The AAP under Arvind Kejriwal has stormed back to power in Delhi with a decisive mandate. In more than one sense, it was a repeat of its 2015 performance. Though it has secured a marginally lesser number of seats as compared to the last round, the scale of AAP’s victory is still impressive, given that it was defending its five-year record in government against a strong and determined party controlling the national government.
One-thirds of those who voted for BJP in the 2019 Lok Sabha polls switched their vote preference to AAP in the 2020 Assembly polls. The Lokniti-CSDS Survey indicates that AAP came back riding on an unambiguous pro-incumbency sentiment across different sections of voters. Close to seven of every ten respondents felt the Kejriwal government deserved a second term. Notably, no party in power in almost any of the states, barring Odisha and Telangana, has in the last 10 years, received such a high pro-incumbency rating.
In the run-up to polling, Delhi witnessed an acerbic campaign waged by the BJP on emotive and national issues. But the voter sentiment our survey captured in early December did not change much. This was because voters saw the election mainly as a question of Delhi’s governance. In this sense, the victory of the AAP was clearly a vote for performance on the ground. The water, electricity, education and healthcare record of the government was clearly its USP. Three of every five of those who traditionally supported the BJP said they favoured AAP on account of the performance record of the government.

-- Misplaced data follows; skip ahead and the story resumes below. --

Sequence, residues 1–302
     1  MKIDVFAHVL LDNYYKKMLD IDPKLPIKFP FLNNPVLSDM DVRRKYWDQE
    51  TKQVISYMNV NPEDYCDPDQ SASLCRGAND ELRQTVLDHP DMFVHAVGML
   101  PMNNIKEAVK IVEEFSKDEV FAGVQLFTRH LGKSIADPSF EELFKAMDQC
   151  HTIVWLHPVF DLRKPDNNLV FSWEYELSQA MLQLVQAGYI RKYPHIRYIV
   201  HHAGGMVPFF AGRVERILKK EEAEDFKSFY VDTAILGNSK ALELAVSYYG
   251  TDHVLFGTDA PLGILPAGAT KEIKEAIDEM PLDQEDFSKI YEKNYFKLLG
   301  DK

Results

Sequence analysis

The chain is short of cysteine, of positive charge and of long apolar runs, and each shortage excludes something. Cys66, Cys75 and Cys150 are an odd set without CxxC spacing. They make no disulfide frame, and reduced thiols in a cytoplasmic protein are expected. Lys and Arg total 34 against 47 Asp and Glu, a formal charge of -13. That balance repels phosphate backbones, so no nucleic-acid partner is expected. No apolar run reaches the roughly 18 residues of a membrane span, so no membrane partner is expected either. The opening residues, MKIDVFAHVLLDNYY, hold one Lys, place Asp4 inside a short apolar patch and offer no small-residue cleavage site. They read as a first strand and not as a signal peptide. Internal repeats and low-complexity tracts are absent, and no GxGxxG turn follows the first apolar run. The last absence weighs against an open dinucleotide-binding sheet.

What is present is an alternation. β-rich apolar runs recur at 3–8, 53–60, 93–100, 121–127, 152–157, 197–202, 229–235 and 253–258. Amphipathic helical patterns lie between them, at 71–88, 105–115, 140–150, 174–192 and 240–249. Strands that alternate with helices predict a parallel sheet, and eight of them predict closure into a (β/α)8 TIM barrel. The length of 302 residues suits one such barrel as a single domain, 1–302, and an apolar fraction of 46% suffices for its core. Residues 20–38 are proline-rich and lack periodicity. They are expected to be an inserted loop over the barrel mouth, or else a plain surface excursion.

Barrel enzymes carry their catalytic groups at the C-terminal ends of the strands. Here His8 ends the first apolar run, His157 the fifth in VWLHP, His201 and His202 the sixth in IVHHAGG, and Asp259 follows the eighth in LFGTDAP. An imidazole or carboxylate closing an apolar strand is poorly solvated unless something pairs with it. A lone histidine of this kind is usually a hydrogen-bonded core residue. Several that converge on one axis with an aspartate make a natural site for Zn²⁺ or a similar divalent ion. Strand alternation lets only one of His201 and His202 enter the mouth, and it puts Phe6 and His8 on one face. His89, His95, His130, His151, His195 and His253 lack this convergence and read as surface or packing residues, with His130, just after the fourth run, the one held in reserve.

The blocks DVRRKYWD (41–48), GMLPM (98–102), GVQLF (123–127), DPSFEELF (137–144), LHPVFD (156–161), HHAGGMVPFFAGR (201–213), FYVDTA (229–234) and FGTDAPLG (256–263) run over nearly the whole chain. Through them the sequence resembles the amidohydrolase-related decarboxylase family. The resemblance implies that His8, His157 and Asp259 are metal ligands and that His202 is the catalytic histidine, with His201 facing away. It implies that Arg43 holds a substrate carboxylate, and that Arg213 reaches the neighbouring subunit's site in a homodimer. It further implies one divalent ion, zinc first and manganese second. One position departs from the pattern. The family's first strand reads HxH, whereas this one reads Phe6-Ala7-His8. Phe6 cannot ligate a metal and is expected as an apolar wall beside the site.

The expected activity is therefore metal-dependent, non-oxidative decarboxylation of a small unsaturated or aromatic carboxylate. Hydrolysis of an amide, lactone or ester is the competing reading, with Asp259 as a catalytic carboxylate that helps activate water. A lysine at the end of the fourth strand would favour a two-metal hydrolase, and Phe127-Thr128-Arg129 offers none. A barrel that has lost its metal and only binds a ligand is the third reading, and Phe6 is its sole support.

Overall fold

The survey indicated that close to half the respondents were satisfied with the performance of both Chief Minister Kejriwal and Prime Minister Narendra Modi. Another three of every ten were satisfied with Kejriwal and not with Modi. The fact that voters were not much satisfied with the municipal governments controlled by BJP gave the AAP an additional edge.
Above all, the AAP benefitted from the fact that it had Kejriwal’s face at the head of its campaign. The BJP, on the other hand, had no such credible, visible or declared face. The party once again depended on the charisma and charm of its national leaders, mainly Modi. In a state poll, this clearly worked in favour of the AAP as even two-fifths of those satisfied with the Modi government’s performance voted for AAP. Modi continues to be very popular among Delhi’s voters and yet, they chose Kejriwal over him primarily because they were conscious that this was a question of who will lead the state government.
The last minute efforts of the BJP to polarise voters and win back the support of those who voted for it in the Lok Sabha polls six months ago did not cut much ice. While it did contribute to the possible rise in the BJP vote share compared to last assembly election, it was not sufficient to reduce the wide gap that had developed between the BJP and the AAP. At the end of the day, governance and service delivery appeared to trump the politics of emotive appeals and divisiveness. The Delhi voter has sent a loud and clear message: Emotive issues do attract voters, but pitched against questions of performance, they may be forced to take a backseat.
The BJP went into the election believing that the magic wand called Modi combined with its pitch for ‘national’ issues would be sufficient to unseat the AAP. At a heavy cost to its image and its prospects in Delhi election, it forgot that the key strength of Indian democracy is the shrewd assertiveness of the Indian voter, in privileging performance over promise, results over rhetoric and development over divisiveness.
(Sandeep Shastri is the Pro Vice Chancellor of Jain University, Bengaluru and the National Co-ordinator of the Lokniti network; Suhas Palshikar taught Political Science, he is currently the Co-Director of the Lokniti programme and chief editor of Studies in Indian Politics; Sanjay Kumar is Co-Director of the Lokniti programme at CSDS).
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